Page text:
The hedonic treadmill, also known as hedonic adaptation, is the observed tendency of humans to quickly return to a relatively stable level of happiness despite major positive or negative events or life changes.

Do you ever feel like it doesn’t matter what you do, it’s never enough? That was my life for a long time.
Most of my life my actions have been motivated by two things: Recognition and comparing myself to others

Sounds awful, I know, but that’s my truth. Every time I felt recognized, or I felt I was good at something compared to others, I wanted more. There were brief moments of satisfaction, but they never lasted very much. I have been suffering from anxiety my whole life because of this.

I thought that the anxiety and the feelings of dread I felt were because I wasn’t enough, but they would all fade away if I had x, y or z. It didn’t matter how much people appreciated me, or how good I performed in school. There was always an excuse for my feelings.

If only I had this, if I only achieved that, then I’d be happy
When I have done x courses, or learned these abilities I will have proven my value.
When I get more friends I’ll be happy.
When I have better grades I’ll prove my value.
When I have someone to love, I’ll be happy.
When I’m able to live on my own I’ll be able to relax.
When I enter college I know I’ll feel better.

I was constantly looking for something to fill the void with, the “eureka” reason for why I was constantly feeling stressed and burned out.

But even if you get what you want, after you get it, you start to take it for granted. That’s the hedonic treadmill right there. You suffer because you don’t have something, you get what you want, you get used to it, and you start suffering for not having something else.

There is always an excuse for why you’re not happy right now. It makes you feel you’re not enough, and feeling anxiety and discomfort. All of that accumulates, and you start acting cold, and pushing away others from your life.

It gets harder and harder. Your identity slowly crumbles under the weight of self doubt as you feel you’re never good enough. You start failing on things you could do easily in the past, like math, or programming. You start feeling awkward and anxious with your closest friends. And every time you get worse you reinforce the idea of being a failure. To the point you struggle to get out of bed.

Social interactions deplete your energy significantly. And as your self esteem is based on external validation, your sense of self crumbles further. This triggers defensive responses.

The constant attempts to reset the cycle fail. You have pushed away a lot of people from your life, you don’t want them to see you, it hurts to be seen.

But there’s something interesting that happens when you stop. When it becomes too painful to keep running on the treadmill, you can discover you like to study complex topics out of pure curiosity, without external validation, or comparing yourself to others.
And when you stop trying to fit in, you can discover the real you that hides behind a crafted image, and you can start expressing yourself in ways you thought to be dumb in the past, and you can allow yourself to be more open and emotional.

Who would have thought? The anxiety and the negative feelings mostly start fading away, you start being more empathic, and for the first time in a long time you allow yourself to cry. Your feelings and emotions stop being a black box, and they start being something more of a clockwork. It’s still hard to understand, but you can debug it.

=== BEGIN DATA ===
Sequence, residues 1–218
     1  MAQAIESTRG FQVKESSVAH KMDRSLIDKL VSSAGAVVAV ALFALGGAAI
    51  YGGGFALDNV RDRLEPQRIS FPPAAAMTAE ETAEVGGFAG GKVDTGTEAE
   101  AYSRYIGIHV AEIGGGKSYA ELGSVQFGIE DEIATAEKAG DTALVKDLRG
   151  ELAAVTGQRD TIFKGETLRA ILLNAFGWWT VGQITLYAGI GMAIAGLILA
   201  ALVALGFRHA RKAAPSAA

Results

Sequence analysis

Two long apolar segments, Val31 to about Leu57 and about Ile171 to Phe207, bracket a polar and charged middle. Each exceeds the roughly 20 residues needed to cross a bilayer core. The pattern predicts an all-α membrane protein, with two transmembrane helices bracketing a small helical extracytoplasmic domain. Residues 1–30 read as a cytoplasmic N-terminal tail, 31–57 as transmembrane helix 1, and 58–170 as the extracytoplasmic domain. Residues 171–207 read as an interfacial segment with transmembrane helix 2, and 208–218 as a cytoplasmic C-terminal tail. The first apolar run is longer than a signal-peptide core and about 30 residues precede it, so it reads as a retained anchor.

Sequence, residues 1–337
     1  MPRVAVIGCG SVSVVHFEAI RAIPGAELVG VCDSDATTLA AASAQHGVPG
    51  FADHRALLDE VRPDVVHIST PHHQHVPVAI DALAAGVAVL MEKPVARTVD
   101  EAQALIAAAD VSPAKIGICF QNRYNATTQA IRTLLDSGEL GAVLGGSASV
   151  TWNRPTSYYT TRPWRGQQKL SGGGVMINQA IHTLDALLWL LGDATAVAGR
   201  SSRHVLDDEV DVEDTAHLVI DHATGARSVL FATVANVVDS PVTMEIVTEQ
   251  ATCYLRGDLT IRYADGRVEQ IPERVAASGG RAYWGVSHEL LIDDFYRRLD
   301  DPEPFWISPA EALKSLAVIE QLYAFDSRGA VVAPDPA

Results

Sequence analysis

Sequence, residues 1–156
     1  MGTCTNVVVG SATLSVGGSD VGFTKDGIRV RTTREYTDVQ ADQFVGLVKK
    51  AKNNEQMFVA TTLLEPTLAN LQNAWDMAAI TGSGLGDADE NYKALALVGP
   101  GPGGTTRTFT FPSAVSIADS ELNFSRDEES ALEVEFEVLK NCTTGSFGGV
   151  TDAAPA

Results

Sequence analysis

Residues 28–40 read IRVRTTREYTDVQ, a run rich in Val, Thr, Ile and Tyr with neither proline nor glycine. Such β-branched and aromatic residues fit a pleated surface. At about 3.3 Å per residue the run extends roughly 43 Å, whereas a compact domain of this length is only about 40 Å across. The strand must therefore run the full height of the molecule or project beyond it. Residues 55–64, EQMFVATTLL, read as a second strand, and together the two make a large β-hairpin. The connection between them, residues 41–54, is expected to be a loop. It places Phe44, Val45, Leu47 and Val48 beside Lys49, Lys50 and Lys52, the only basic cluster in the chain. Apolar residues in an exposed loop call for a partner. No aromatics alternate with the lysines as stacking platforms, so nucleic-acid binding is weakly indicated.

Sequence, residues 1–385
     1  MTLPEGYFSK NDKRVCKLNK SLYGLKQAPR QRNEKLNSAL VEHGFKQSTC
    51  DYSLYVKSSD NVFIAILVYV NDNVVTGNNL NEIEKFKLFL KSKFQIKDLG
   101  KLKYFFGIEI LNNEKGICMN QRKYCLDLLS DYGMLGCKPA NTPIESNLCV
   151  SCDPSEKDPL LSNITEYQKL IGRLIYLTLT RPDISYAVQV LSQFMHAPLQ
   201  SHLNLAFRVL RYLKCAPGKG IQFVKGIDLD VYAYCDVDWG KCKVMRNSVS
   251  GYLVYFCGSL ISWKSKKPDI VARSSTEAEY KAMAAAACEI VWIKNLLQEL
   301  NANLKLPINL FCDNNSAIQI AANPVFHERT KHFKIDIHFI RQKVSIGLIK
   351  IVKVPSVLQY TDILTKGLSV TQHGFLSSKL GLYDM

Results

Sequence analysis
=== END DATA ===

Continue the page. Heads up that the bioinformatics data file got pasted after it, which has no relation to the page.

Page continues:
If you struggle with the feeling that you’re not enough, or simply that you will not be happy until you get something, or you reach a certain milestone, I have good news for you: you can choose to get off the treadmill. You can stop today.

I know that for some people this sounds impossible. In the past, many close people told me to stop being so demanding with myself, but in my mind, I saw that the same way as giving up. So I thought I would be a failure if I had to lower my standards.

Listen, you are not a failure for giving yourself a break. Anything you get or achieve won’t have any meaning if you do it just to prove something, and or if you don’t enjoy the process. If anything, being in peace with yourself as you are will give more meaning to anything you want to do, because the motivation won’t be trying to grow your ego, or trying to fill the void.

You don’t need to wait for it to become painful to get off the treadmill. Stop making excuses for why you’re not at peace with yourself today

This doesn’t mean at all you stop trying to be better. It’s hard to suppress that voice in your head that asks for improvement. And you can even weaponize that. But stop thinking the next thing will make you happy, because it won’t.

This is just my hypothesis, but I think that constantly chasing your next goal without enjoying the process is a recipe for an unhappy and mediocre life in the long term.

There will always be another stone in your shoe that will make you uncomfortable. So stop getting angry because of that. That’s just reality. Don’t fight it, embrace it, and learn to live with it. Find small ways to make your shoes more comfortable, and enjoy the little things, even if it feels stupid at the beginning.

I will always be thankful to all of those who were there for me when I was struggling. And I’m sincerely sorry to everyone I hurt and pushed away in the past, especially these last years